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Clinical significance of sonographic soft markers: A review
Journal of Genetic Medicine 2018;15:1-7
Published online June 30, 2018;  https://doi.org/10.5734/JGM.2018.15.1.1
© 2018 Korean Society of Medical Genetics and Genomics.

Mi Sun Kim, Sukho Kang, and Hee Young Cho

Department of Obstetrics and Gynecology, CHA Bundang Medical Center, CHA University School of Medicine, Seongnam, Korea
*Hee Young Cho, M.D., http://orcid.org/0000-0001-7064-5056, Department of Obstetrics and Gynecology, CHA Bundang Medical Center, CHA University School of Medicine, 59 Yatap-ro, Bundang-gu, Seongnam 13496, Korea. Tel: +82-31-780-5985, Fax: +82-31-780-5069, E-mail: hycho.md@gmail.com
Received December 22, 2017; Revised March 16, 2018; Accepted March 22, 2018.
cc This is an open-access article distributed under the terms of the Creative Commons Attribution Non-Commercial License (http://creativecommons.org/licenses/by-nc/4.0/) which permits unrestricted non-commercial use, distribution, and reproduction in any medium, provided the original work is properly cited.
Abstract

Sonographic findings with little or no pathological significance, known as soft markers, are often found in aneuploidy fetuses. After normal screening for the aneuploidy in first trimester, there are no uniform recommendations regarding when to disregard or put on clinical significance in isolated soft markers. Associations between some soft markers and adverse pregnancy outcomes including intrauterine fetal death, preterm birth, fetal growth restriction, and congenital infection have been reported in euploidy fetuses. The present article aims to review recent literatures about the clinical significance of soft markers after normal first trimester combined screening or noninvasive prenatal testing, and propose a simple clinical summary for management of specific soft markers in pregnancies.

Keywords : Aneuploidy, Ultrasonography
Introduction

In past several decades, ultrasound screening during the second trimester to identify fetal anomalies has developed and improved remarkably. Some sonographic findings are structural signs with little or no pathological significance, commonly known as soft markers [13]. Generally studied soft markers include fetal ventriculomegaly (VM), choroid plexus cyst (CPC), absent or hypoplastic nasal bone, a thickened nuchal fold (NF), intracardiac echogenic focus (IEF), echogenic bowel, short long bones, pyelectasis, and single umbilical artery (SUA). Soft markers are common and they are not usually associated with any handicaps, unless there is an associated chromosomal abnormality [4].

The ultrasound soft markers are found in the 5 major chromosomal aneuploidies: trisomies 21, 18, and 13; Turner syndrome; and triploidy [5,6]. Use of the soft markers may increase the positive predictive value in patients with first trimester combined screening (FTS) (combination of maternal age, biochemical screening tests of free β-hcg and PAPP-A, and nuchal translucency) [7]. Routine karyotyping of all pregnancies with these markers would have major implications, both in terms of miscarriage and in economic costs. However, the introduction of noninvasive prenatal testing (NIPT) with cell-free fetal DNA from maternal plasma may enabled to deal with soft markers as indicators of fetal chromosomal abnormalities [1,4,7]. NIPT is used for screening trisomies 21, 18, and 13 and potentially some sex chromosome aneuploidies and some microdeletion [8]. Its sensitivity for trisomy 21 approaches 99% but these tests do not provide information on other chromosomal aberrations [9]. NIPT and invasive prenatal testing are acceptably offered in high risk population (advanced maternal age, abnormal FTS results, history of fetal aneuploidy, known balanced translocation, or other chromosomal rearrangements in one of the parents) with soft marker and those with any combination of two soft markers [4,6]. However, fetus with structural abnormality by ultrasound should be offered diagnostic testing with chromosomal microarray because there is a substantial risk that a chromosomal abnormality other than trisomy 21, 18, and 13 is present in the fetus which will not be detected by NIPT [9].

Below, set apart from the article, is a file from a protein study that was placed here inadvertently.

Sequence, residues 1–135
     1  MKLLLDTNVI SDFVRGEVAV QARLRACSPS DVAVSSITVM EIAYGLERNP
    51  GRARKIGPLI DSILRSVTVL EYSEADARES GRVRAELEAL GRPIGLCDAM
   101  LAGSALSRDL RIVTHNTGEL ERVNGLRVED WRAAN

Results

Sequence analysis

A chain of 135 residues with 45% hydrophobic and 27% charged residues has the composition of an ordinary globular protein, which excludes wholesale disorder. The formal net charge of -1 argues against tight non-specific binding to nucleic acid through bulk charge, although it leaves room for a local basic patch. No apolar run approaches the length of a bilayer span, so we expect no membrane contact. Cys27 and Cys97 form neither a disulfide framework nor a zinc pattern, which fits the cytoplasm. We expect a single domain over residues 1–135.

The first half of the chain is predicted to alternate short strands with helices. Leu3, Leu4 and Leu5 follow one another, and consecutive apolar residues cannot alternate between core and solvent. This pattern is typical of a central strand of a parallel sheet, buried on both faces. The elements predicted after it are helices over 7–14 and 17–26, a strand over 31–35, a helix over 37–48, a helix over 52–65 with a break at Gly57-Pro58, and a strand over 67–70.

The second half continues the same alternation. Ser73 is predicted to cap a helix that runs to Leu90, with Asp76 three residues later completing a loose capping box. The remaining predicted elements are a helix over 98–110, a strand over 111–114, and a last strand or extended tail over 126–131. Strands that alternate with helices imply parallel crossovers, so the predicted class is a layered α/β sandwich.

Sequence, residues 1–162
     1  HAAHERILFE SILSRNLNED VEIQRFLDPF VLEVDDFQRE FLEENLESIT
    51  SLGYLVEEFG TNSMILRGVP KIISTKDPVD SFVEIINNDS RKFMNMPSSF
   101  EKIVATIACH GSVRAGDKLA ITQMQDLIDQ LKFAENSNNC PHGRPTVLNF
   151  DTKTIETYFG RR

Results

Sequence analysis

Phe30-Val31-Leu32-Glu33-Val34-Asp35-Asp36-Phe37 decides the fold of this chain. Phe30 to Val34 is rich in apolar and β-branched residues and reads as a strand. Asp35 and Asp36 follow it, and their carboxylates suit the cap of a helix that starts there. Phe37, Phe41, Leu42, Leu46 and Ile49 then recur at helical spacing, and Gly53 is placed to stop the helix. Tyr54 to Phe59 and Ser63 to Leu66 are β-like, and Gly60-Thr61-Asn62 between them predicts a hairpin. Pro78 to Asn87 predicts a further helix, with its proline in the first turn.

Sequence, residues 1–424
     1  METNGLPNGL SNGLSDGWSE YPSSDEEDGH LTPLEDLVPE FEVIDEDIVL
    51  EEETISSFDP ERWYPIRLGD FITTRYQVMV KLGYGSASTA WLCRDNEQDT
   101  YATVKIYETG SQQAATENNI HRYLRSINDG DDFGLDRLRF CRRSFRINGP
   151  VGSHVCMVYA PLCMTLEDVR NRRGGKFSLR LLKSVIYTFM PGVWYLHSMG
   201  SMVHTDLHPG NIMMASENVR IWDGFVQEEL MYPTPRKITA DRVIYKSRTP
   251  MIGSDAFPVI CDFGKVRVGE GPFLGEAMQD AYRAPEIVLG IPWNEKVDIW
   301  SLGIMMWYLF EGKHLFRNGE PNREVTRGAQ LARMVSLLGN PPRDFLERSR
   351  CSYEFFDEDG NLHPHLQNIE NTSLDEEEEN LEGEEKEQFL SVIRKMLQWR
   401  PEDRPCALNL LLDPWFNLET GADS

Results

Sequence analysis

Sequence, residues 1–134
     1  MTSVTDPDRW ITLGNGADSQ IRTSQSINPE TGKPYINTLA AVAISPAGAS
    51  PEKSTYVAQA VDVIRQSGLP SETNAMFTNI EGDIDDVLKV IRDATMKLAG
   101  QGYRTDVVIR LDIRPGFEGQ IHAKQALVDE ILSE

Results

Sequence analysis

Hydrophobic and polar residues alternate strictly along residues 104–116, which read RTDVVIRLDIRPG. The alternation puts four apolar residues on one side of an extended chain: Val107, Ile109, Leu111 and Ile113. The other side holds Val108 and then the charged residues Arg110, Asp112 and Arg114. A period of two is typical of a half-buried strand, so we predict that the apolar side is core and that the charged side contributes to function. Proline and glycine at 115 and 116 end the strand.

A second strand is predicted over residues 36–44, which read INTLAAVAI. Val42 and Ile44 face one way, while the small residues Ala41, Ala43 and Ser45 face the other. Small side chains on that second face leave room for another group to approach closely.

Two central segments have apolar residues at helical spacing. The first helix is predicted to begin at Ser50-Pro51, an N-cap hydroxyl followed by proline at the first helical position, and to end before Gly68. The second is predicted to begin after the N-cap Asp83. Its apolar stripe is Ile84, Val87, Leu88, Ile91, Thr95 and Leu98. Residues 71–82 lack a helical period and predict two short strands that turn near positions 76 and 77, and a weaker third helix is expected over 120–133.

As soft markers were introduced as markers for aneuploidy in high risk population, there have been efforts for clarification of their significance after normal FTS or NIPT [1,4]. In this low risk population, soft markers were found in 5.9% of fetuses at second trimester ultrasound; markers were isolated in 5.1%, multiple in 0.7%, and combined with anomalies in 0.1% [1]. Most cases (95%) had a single marker, 4% had two markers, and 1% had three or more markers when soft markers were first identified [10]. Diagnostic testing should not be recommended to patients with an isolated soft marker in the setting of a negative NIPT result [9]. Also, looking for soft markers of trisomy 21, should not be performed in women with a normal NIPT result due to its high false-positive rate and poor positive predictive value [11].

Previous studies reported isolated echogenic bowel was associated with an increased risk of congenital anomalies, and preterm birth. Isolated pyelectasis was associated with an increased risk of congenital anomalies of the kidneys or urinary tract. Multiple soft markers were associated with an increased risk of congenital anomalies and preterm birth [3,6,1215]. It is essential to provide information to the parents about the observed soft markers and its potential impact on prenatal and postnatal life. This paper will review recent literatures about the most common second trimester sonographic soft markers and propose a simple clinical guideline for management of specific soft markers in pregnancies (Table 1) [3,6,10,1236].